…to establish the kingdom of God, a kingdom of justice, peace, truth and love… for this task to succeed, …(Jesus needed to find) …only a humble and docile heart.
Historical note: Zebulun and Naphtali, mentioned in today’s first reading from the prophet Isaiah and in the gospel, are two of the twelve tribes of Israel named after the twelve sons of Jacob. When the Israelites conquered Palestine after their Exodus from Egypt, they divided up the land among the twelve tribes (save for the tribe of Levi). The tribes of Zebulun and Naphtali settled in the Northernmost part of the country, later called Galilee (Cf. Book of Joshua,19:10-16, 32-39). Zebulun and Naphtali were the first provinces of Israel to be overrun by Tiglath-pileser III of Assyria in 733 BC, who turned them into an Assyrian province–hence the moniker “Galilee of the Gentiles.”
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“Repent, the kingdom of heaven is at hand.” These are the very first words uttered by Jesus at the beginning of his public ministry. These were also the very first words of John the Baptist when he began his public ministry in the desert (Mt 3:1). What is the relationship between repentance and the kingdom of heaven? First of all, what is the kingdom of heaven? Where is it to be found? Most of us have the idea that the kingdom of heaven is, where else, but up there in heaven. We get there after death. (Mark and Luke use the expression ‘kingdom of God”). Jesus, however, tells us that “… the kingdom of heaven is at hand” (Mt 4:17). “The kingdom of God is among you” (Lk 17:21). It exists right here and now.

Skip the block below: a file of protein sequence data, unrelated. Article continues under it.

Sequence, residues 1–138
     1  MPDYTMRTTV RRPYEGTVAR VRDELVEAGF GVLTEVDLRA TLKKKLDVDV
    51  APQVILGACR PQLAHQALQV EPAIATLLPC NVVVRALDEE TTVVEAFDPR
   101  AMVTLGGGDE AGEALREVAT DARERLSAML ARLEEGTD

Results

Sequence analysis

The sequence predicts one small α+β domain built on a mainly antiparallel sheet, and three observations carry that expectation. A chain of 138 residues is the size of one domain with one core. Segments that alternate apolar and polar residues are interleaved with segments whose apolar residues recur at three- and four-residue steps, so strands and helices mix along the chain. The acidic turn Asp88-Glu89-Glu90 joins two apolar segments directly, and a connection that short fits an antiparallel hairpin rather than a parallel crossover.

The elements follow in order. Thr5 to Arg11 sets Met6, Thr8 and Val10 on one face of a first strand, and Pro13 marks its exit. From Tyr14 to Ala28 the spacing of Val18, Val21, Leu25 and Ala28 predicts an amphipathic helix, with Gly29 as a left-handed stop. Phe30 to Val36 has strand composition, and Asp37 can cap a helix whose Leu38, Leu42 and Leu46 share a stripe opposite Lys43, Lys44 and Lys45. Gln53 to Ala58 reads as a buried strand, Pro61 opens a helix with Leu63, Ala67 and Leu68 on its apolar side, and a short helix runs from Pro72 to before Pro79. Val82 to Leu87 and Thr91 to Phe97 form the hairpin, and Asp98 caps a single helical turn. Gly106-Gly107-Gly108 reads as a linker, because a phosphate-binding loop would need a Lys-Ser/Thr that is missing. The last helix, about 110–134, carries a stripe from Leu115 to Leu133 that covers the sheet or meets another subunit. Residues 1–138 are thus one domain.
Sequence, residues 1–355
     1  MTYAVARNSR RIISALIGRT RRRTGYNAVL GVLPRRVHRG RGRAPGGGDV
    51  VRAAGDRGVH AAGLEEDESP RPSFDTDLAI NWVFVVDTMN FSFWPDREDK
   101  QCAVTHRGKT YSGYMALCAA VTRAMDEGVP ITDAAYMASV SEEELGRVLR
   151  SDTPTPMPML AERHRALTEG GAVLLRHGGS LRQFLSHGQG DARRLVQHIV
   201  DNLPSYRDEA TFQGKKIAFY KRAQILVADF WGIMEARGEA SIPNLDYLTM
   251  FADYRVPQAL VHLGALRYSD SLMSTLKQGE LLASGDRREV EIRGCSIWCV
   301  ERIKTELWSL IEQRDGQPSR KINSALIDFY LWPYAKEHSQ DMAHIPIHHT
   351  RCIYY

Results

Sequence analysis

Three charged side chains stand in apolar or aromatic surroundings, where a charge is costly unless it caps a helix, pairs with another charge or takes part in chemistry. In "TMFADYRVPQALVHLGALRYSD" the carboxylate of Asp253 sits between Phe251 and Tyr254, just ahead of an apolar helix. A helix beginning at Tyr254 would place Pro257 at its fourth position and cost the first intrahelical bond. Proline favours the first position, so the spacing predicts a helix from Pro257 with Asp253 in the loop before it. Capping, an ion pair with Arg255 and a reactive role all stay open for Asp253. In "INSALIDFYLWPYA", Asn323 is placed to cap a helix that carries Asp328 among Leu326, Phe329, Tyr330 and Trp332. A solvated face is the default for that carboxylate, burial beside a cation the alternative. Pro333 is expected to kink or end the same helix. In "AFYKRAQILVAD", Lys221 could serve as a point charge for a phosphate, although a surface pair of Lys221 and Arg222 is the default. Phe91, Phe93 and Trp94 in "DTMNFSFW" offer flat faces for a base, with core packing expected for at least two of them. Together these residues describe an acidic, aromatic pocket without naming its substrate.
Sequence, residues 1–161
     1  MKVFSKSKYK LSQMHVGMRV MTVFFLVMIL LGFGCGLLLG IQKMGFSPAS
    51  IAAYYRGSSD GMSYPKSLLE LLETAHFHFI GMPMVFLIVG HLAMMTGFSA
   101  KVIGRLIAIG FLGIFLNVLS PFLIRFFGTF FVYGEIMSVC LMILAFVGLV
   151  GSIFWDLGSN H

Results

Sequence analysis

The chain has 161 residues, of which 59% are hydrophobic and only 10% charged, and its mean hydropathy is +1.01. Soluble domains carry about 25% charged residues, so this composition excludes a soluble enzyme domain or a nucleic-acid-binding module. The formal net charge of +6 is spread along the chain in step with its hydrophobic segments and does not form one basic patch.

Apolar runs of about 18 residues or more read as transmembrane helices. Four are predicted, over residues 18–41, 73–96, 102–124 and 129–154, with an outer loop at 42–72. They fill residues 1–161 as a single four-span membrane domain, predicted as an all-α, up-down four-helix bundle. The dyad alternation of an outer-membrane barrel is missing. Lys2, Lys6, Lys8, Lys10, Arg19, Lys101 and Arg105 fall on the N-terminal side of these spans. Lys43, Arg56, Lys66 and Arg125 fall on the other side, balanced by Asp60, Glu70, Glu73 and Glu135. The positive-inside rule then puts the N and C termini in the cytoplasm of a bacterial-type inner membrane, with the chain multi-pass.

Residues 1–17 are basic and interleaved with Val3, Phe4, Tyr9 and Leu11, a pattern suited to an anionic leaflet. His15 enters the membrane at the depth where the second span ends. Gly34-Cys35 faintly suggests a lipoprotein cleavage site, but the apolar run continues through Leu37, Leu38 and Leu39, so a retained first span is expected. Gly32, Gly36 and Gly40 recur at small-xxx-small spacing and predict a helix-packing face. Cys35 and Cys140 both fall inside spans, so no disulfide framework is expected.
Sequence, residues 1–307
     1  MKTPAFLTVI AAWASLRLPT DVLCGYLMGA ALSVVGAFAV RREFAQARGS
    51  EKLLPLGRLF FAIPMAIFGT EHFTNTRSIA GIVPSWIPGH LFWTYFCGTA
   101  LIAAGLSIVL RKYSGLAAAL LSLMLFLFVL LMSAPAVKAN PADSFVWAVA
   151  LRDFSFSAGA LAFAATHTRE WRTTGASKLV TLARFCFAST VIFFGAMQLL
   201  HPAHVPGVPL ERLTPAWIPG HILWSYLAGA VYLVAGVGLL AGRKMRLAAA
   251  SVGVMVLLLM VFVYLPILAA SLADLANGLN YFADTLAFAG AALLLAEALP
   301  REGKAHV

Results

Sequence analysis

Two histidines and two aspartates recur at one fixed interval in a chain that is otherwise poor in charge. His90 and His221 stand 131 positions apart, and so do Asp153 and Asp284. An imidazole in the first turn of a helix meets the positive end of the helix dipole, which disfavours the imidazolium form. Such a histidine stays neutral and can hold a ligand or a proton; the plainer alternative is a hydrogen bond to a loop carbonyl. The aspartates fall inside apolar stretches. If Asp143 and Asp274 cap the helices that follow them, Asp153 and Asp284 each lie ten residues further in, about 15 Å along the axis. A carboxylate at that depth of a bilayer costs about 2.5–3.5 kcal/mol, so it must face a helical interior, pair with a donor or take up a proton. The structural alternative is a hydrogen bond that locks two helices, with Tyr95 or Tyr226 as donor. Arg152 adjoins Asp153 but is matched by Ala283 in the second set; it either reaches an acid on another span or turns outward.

God’s kingdom is not territorial. God does not rule over towns and cities. God reigns over the hearts of men and women who accept his rule and obey his will. God’s kingdom is found in our hearts, if indeed God is in control of our lives.
And it is precisely here that repentance comes in. Repentance means conversion. It consists not so much in beating our chest as in removing from our hearts any obstacle, which may stand in the way between us and God; anything that may pull us apart from God and from our fellowmen. Paul asks the Corinthians to shun divisions and factionalism (2nd reading). With us, it might be pride, vanity, anger, hatred or envy; it might be money, alcohol, drugs, sex … whatever. God cannot set His throne in our hearts if they are already filled with something else. Hence Jesus’ call for repentance.
Jesus’ primary concern throughout his public ministry was to establish the kingdom of God, dismantling in the process the kingdom of Satan, namely, hunger, illness, suffering and injustice. This he did, as the gospel tells us, by preaching and by curing every disease. The cures that Jesus performed were meant not only to restore people’s health but also to restore their faith in God.
In the task of building up God’s kingdom Jesus did not want to go it alone. He chose 12 disciples to carry out that task — even after he was gone. We heard in today’s gospel how he called his first disciples, two pairs of brothers: Peter and Andrew, James and John. We might think that Jesus made the wrong choice. Instead of going to the temple or to the synagogue of Jerusalem to look for learned and competent people (priests, scribes, Pharisees), he went to the seashore to look for rude and unlearned fishermen.
Indeed it is often difficult to understand Jesus’ way of doing things. He always seems to oppose or challenge our ways of thinking: “The first will be the last and the last will be the first.” “He who exalts himself will be humbled…” “He who saves his life, will lose it…” But we can be sure that he knew well what he was doing, and in no way can we improve on it. He did not come to set up a business enterprise, a chain of banks or restaurants, but to establish the kingdom of God, a kingdom of justice, peace, truth and love. And for this task to succeed, no managerial skills or degrees are needed; only a humble and docile heart. That is exactly what he found in the rude fishermen, and not in the learned scribes and Pharisees.
Hopefully, he will find it in each one of us too!